- Inside the Center
- Insights and Solutions
- A Look Back
- A Look Back : Black News and Media Outlets
- A Look Back : Ann Arbor's First Pride Celebrations
- A Look Back: Celebrating AAPI History and Heritage in Michigan
- A Look Back : Discrimination against Asian American, Pacific Islander (AAPI) communities
- A Look Back | Desegregating Sports in America
- A Look Back: The History of MLK Day
- A Look Back: The Thirteenth Amendment
- A Look Back: Telework and the Digital Divide
- A Look Back: 401 Years After the First Slave Ship’s Arrival in America
- A Look Back: Civil Rights Act of 1964
- A Look Back: Pride and Intersectionality
- A Look Back | Black History Month
- A Look Back: The First Slave Ship in the U.S.
- A Look Back: Celebrating Figures of Our Past
- A Look Back: The Stonewall Uprising of 1969
- Archived Formats
Indigenous People’s Day was first proposed as a national holiday in 1977. Many Indigenous nations and allies advocated for replacing Columbus Day with a holiday that recognizes the violent colonization of Native American people by Christopher Columbus and other European settlers. As an alternative, Indigenous People’s Day celebrates the history and culture of Native American communities and offers an opportunity for the nation to confront this oppressive past.
Today, there are more than 5 million Native American people in the United States and 637 recognized tribes with unique cultures, histories, and languages. In Michigan alone, almost 100,000 Native Americans make up twelve federally-recognized tribes. In 2019, Gov. Gretchen Whitmer signed a proclamation to commemorate Indigenous People’s Day and celebrate the historic and ongoing contributions of Native American communities and individuals in Michigan, but more work still needs to be done. Michigan remains only one of a handful of states to acknowledge Indigenous People’s Day in October.
This week, CSS commemorates Indigenous People’s Days and celebrates the contributions of Native American communities alongside the City of Ann Arbor and other cities and institutions across the state. Check out the resources below to learn more about Native American communities in Michigan.
Indigenizing the News
A digital magazine dedicated to representing Indigenous voices in the news and exploring contemporary issues affecting Indigenous communities today.
Native American Studies Research Guide: Michigan’s American Indian Heritage
For a more in-depth look at Native American tribes and heritage in Michigan, check out this research guide by Michigan State University with interactive features and reading recommendations.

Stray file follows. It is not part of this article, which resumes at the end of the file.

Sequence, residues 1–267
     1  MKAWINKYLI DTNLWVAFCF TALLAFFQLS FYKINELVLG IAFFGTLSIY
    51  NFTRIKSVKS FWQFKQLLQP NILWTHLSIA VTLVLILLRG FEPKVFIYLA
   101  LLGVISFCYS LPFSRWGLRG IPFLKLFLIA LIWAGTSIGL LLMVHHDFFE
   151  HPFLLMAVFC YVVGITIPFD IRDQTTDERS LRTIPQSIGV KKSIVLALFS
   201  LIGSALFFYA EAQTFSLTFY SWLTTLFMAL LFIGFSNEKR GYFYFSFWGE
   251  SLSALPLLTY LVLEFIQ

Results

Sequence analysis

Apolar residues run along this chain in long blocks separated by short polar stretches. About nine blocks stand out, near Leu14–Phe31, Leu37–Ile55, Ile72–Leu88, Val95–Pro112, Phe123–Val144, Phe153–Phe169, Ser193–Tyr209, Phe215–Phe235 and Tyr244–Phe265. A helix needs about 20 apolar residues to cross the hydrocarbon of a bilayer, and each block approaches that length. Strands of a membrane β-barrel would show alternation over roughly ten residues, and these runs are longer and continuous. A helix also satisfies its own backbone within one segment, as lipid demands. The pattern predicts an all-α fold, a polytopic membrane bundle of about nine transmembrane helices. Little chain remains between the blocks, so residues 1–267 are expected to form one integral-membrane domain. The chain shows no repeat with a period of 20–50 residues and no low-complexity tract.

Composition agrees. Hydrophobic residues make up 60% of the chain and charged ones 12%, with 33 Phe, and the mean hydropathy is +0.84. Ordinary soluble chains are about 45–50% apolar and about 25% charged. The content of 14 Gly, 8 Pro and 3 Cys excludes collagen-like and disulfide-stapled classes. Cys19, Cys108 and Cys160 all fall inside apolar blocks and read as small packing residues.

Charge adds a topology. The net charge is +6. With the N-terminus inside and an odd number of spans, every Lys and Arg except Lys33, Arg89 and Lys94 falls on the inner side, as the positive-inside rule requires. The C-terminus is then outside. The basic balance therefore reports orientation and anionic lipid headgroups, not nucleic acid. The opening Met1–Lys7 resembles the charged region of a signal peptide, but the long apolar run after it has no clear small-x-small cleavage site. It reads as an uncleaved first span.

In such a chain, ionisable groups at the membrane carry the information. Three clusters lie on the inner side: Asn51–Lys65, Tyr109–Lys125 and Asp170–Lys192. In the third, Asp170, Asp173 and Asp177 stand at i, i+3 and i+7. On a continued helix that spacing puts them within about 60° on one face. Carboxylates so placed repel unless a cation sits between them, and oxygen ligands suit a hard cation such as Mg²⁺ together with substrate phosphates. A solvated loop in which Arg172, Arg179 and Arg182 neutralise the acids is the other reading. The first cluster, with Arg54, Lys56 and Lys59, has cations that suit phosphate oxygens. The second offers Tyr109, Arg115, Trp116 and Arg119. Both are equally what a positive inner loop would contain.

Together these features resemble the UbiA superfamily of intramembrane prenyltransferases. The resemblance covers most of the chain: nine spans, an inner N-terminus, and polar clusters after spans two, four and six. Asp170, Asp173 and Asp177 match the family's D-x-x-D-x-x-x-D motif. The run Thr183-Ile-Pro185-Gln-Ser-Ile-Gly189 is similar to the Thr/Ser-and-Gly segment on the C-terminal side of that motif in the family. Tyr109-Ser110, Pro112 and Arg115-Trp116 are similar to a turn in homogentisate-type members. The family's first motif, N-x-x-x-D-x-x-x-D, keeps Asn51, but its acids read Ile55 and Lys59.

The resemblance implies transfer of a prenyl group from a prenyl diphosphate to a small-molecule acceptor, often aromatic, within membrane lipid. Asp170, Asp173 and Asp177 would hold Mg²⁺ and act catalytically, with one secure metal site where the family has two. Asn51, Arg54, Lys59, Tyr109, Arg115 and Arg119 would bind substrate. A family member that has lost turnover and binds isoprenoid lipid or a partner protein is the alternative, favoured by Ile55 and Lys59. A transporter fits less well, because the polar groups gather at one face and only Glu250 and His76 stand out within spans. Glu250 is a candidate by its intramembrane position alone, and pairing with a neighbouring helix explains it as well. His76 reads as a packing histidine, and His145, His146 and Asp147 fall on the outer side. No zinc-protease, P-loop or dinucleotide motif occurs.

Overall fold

“Debunking 10 misconceptions about Michigan’s Native Americans” by Meghanlata Gupta, Bridge Michigan
A powerful op-ed that confronts harmful stereotypes and narratives about Native American communities in Michigan.
“For the Little Traverse Bay Bands of Odawa Indians, this has always been home” by Kaye Lafond and Emma Winowiecki, Michigan Radio
An insightful exploration of the history of the Anishibaabek people in Northern Michigan and the lives of those who continue to live there.
“Michigan full of communities with Native American heritage” by Gene Scott, Hometown Life
A list of places around Michigan that have ties to Native American culture and the history behind them.
“Native Americans: The 12 tribes of Michigan” by Lisa Brody, Downtown Publications
A comprehensive look at the 12 federally recognized tribes of Michigan, interwoven with historical accounts and stories from modern tribal communities.
“Settlers nearly destroyed Michigan’s wild rice beds. Native tribes are restoring them.” by Sophie Sherry, Michigan Radio
Wild rice beds used to dominate most of Michigan’s rivers and lakes, but less than 1 percent of beds remain now. This podcast explores the overlooked history of wild rice in Michigan and the efforts being made to bring back this culturally-significant crop.
“Few Indeginous people see themselves represented in the news. A new project hopes to change that.” by Lia Baldori, Michigan Radio
Less than 0.5% of journalists in leading newspapers and online publications are Native American. The Mishigamiing Journalism Project seeks to change that and elevate Indigenous voices in Michigan where Indigenous issues aren’t often covered in mainstream news.
Native America by PBS (2018)
A powerful television series that explores the unique histories, cultures, and communities of America’s First Peoples.